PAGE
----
The air purification effect of plants has been known since 1980, but for a long time plants were not actively used for such purpose due to a number of problems, including insignificant purification volume and the requirements of plant care. However, as the advantages of plants including eco-friendliness and sustainability have recently been emphasized, various studies have been carried out to prepare basic data related to the capacity of plants to remove indoor pollution sources such as indoor formaldehyde and carbon dioxide (Park et al., 2008a; Park et al., 2008b).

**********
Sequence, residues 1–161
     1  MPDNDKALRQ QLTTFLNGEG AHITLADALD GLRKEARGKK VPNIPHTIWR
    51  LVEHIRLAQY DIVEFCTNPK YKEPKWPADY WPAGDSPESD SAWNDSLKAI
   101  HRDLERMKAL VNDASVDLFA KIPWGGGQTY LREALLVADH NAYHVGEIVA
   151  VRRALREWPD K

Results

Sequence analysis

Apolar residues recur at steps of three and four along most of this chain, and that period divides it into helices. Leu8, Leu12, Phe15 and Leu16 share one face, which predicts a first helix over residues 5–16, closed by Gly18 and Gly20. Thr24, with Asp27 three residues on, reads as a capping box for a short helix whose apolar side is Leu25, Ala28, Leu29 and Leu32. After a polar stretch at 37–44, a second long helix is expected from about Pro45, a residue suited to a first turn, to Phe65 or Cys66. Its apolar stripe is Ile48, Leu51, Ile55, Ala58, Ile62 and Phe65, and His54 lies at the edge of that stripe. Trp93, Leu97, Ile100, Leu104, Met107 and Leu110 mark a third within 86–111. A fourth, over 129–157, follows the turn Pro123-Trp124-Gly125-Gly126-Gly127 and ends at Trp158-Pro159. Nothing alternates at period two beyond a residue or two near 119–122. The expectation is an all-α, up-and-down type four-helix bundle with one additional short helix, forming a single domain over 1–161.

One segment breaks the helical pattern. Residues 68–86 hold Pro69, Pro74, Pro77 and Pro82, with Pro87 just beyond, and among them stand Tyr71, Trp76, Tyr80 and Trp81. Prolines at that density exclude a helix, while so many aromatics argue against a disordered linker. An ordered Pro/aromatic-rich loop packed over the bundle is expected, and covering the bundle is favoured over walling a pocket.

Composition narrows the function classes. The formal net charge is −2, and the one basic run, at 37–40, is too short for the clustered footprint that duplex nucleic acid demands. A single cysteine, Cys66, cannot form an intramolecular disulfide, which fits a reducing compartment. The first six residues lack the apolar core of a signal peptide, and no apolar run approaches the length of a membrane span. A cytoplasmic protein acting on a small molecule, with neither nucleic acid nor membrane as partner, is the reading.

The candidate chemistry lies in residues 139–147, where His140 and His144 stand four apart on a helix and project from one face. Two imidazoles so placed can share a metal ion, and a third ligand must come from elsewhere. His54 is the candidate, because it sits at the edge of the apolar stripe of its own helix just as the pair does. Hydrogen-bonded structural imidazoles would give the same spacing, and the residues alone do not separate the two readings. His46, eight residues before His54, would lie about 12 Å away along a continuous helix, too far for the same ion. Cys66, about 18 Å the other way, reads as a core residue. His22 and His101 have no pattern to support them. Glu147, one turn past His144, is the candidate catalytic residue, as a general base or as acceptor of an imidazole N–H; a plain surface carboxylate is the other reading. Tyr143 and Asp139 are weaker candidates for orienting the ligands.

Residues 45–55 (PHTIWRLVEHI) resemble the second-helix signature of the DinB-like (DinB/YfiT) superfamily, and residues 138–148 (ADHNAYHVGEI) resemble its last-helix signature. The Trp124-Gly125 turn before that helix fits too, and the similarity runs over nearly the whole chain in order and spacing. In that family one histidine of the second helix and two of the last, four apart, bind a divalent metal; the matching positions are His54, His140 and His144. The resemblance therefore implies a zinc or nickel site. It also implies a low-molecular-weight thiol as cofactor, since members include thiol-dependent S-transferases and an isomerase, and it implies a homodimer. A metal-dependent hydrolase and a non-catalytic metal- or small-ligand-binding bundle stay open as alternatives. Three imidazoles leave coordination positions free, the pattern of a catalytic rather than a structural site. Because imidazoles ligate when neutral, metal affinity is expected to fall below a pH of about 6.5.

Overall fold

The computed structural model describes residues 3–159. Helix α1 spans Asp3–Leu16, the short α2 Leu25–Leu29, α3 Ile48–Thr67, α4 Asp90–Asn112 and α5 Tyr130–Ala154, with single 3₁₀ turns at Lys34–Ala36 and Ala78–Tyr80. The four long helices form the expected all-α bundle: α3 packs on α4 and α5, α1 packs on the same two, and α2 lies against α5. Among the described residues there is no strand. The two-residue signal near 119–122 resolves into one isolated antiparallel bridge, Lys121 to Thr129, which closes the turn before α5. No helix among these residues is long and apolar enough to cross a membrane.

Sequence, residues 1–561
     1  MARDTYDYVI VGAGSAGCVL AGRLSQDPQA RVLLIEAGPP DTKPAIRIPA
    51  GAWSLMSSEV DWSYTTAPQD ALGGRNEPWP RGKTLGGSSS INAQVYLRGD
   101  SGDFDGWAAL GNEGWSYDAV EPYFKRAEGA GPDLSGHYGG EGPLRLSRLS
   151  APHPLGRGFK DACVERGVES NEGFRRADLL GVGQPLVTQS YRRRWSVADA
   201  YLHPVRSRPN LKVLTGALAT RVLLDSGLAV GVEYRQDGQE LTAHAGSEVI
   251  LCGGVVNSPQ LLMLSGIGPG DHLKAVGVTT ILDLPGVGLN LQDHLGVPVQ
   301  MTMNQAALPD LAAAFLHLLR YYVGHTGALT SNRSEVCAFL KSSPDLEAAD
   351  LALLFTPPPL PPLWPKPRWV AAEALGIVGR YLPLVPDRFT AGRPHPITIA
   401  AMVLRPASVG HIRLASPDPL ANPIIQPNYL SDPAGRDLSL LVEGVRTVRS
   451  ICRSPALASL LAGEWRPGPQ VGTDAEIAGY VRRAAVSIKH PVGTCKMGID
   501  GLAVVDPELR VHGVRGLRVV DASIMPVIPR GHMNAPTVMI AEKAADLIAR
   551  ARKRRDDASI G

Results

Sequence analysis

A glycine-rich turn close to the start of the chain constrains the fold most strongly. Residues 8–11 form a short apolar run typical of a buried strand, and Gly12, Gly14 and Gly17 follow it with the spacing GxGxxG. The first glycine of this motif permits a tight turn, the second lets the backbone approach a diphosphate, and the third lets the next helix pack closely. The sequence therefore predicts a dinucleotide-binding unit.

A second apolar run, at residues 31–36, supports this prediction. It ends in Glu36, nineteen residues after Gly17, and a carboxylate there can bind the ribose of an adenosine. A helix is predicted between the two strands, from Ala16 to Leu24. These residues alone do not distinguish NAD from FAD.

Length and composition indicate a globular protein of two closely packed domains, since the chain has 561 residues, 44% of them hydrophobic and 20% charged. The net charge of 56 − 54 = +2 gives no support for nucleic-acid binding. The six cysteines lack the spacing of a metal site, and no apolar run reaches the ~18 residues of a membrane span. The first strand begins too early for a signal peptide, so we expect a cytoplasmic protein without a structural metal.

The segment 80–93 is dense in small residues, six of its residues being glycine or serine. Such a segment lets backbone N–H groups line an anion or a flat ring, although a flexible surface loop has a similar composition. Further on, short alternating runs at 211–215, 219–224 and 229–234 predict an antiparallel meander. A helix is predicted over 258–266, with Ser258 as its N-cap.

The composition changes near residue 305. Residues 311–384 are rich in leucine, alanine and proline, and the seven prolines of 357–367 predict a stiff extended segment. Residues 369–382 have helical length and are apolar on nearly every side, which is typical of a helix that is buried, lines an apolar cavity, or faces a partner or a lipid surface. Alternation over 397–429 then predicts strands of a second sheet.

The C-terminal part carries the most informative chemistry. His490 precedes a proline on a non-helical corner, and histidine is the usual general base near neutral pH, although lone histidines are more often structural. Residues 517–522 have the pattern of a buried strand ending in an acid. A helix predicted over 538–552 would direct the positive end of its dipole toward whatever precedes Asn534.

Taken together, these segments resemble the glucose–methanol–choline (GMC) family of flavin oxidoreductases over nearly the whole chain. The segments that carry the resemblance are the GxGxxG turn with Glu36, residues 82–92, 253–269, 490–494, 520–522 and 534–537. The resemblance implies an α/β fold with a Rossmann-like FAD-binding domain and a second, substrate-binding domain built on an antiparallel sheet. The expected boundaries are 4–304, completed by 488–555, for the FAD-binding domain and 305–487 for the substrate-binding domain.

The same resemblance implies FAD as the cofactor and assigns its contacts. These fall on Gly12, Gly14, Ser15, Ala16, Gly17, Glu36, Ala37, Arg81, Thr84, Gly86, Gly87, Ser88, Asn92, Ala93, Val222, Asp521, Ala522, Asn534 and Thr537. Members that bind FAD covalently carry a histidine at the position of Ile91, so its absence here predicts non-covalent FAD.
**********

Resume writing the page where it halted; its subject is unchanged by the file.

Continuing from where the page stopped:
It is considered that the use of appropriate gardening plants as biological filters can improve air quality and enhance heath. Yan et al. (2016) experimented with PM adhesion ability targeting Rosa xanthina which was a shrub, Broussonetia papyrifera which was a broad-leaf tree and Pinus bungeana which was a needle-leaf tree in Beijing, China, and reported that shrubs displayed the highest PM adhesion effect, the shape of PM adhered to the leaves included particles with gentle boundary surface (86.4 – 93.8%) and spherical particles (23.4%), and the amount of PM adhesion varied according to the shape of the PM. Sæbø et al. (2012) investigated the amount of PM accumulated in the leaves targeting 47 woody plant species that were common in Norway and Poland in Northern Europe, and obtained a result indicating that no correlation was shown between the PM accumulation and the surface roughness and size of a leaf. Chen et al. (2015) investigated PM accumulated in the leaves targeting 24 woody plant species collected in Wuhan, China, and obtained a result indicating that even the same plant species showed different PM accumulation effects between the control group with relatively good air quality and the polluted area. In other words, the plant species that showed high PM accumulation in a highly polluted area was different from the plant species in the control group that showed high PM accumulation. It was reported that the plant species that showed high PM accumulation also varied according to the size of the PM. Wang et al. (2015) carried out a study on the structure of leaves and PM accumulation in the leaf development process using three deciduous species (Ulmus pumila L., Salix babylonica L., Ginkgo biloba L. ) and reported the result, which indicated that more PM accumulation was shown in the upper side of the leaf, and that leaves with a smaller elevated surface scale were more effective in terms of PM2.5 accumulation. Przybysz et al. (2014) carried out a study on the accumulation of particle material according to plant pollution level of evergreen species (Taxus baccata L., Pinus sylvestris L., and Hedera helix L.), rainfall and the passage of time and presented a result indicating that it was necessary to consider plant species and the dynamics of deposition and leaf washing by rain during the season when evaluating the total PM removal effect of vegetation. In a study on PM removal efficiency according to the morphological characteristics of plant leave types, such as needle, compound, small and large leaves, Son et al. (2019) asserted that PM adhesion occurred frequently in the wax layer, which meant that needle-leaf trees with high wax layer content displayed high PM10 removal amount. Cho (2019) pointed out the problem that domestic and overseas studies on plants for PM reduction have mainly focused on plants’ absorption function rather than their adhesion function, and as a result tree species for PM reduction were selected very unsystematically and studies were carried out mostly based on indoor foliage plants such as air purification plants selected by NASA.